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Monday, April 24, 2017

On Being Pelted By Peanuts: Part I

Alexander Douglas (a lecturer in philosophy) wrote an interesting article on two subjects recently: "Macroeconomics -- A view from the peanut gallery." He covers two diverging topics: the transversality condition from mainstream macro, and the question of welfare functions in Stock-Flow Consistent models. I will take a stab at these topics over the coming days. In this article, I am expressing my deep displeasure with what is supposed to be trivial mathematics used by the mainstream: the transversality condition.

(He embeds some mathematics in his post, and so I am using MathJax to format an answer. The equations may not be properly rendered on some browsers. People who are allergic to equations may want to skip this one... I did this quickly, and already squashed a few typos.)
Update: I have written out the involved mathematics in a straightforward manner in "Mathematics of Budget Constraint (Again)". This article is a deliberately obtuse reading of some equations that appear in many introductory mainstream macro textbooks. (To be clear, I am targeting the textbook that Alex Douglas linked to; other introductory texts have very similar developments. I did not look at the linked textbook that carefully; it may have explained things better than a reader might conclude from my comments here.) If you can follow the mathematics, the other article follows a straightforward (semi-)rigourous approach and makes everything look really simple. (Pure mathematicians could probably find something to yelp about.) The sting in the tail, however, is what this means from the interpretation of economic models, which is what everyone here is presumably interested in. I give a brief version of my interpretation in that article, but I will later write a non-mathematical article explaining what problems I see.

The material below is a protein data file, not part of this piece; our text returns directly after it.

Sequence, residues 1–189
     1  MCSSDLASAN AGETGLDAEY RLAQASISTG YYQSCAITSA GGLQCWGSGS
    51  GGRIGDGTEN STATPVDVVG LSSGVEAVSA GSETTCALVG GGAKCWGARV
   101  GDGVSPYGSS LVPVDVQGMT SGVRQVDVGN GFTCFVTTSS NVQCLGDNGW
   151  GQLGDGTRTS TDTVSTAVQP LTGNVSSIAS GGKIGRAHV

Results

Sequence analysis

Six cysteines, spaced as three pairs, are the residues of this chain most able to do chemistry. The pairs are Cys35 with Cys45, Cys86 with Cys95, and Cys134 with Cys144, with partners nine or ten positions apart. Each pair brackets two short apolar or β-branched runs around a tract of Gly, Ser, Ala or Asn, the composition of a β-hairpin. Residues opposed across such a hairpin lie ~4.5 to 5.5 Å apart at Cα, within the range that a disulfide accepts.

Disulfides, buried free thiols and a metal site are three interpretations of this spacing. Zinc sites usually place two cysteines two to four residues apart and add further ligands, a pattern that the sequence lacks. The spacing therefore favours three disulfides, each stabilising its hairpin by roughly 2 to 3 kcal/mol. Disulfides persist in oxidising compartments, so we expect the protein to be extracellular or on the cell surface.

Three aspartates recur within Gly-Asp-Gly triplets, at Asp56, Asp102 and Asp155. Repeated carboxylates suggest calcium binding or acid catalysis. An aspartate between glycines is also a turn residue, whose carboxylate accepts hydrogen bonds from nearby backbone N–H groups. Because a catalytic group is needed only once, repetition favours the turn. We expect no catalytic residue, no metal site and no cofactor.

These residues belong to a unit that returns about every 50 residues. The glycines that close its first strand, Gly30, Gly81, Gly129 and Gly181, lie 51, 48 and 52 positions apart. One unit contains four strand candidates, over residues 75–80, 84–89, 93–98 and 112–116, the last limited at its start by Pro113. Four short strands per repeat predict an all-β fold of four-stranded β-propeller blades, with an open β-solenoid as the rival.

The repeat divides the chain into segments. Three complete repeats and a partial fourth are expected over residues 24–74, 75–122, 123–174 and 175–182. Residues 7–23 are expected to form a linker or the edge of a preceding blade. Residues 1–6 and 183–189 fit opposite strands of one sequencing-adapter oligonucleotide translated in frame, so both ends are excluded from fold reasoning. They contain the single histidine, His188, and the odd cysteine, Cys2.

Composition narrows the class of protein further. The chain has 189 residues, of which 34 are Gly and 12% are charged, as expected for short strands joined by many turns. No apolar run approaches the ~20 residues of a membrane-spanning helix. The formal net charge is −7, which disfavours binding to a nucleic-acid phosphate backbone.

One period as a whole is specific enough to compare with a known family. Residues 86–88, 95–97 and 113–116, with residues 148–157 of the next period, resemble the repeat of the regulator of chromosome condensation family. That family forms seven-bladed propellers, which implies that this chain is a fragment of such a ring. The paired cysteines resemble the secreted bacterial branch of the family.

Transversality

Transversality refers to a condition associated with the governmental budget constraint of mainstream macro. I wrote about this in earlier articles, such as "If r < g, DSGE Model Assumptions Break Down." From the perspective of mainstream macro, my logic in that article is not covering the mainstream microeconomic arguments involved. I will try to stay closer to the mainstream logic in the discussion here.

Professor Douglas refers to this text, which offers a fairly standard treatment of the governmental budget constraint. (For those of you who are new to this topic, mainstream economists refer to two concepts are being the governmental budget constraint. The first is an accounting identity that links the current period to the previous, which is non-controversial. The second is the behaviour at infinity, which is what I am discussing here.)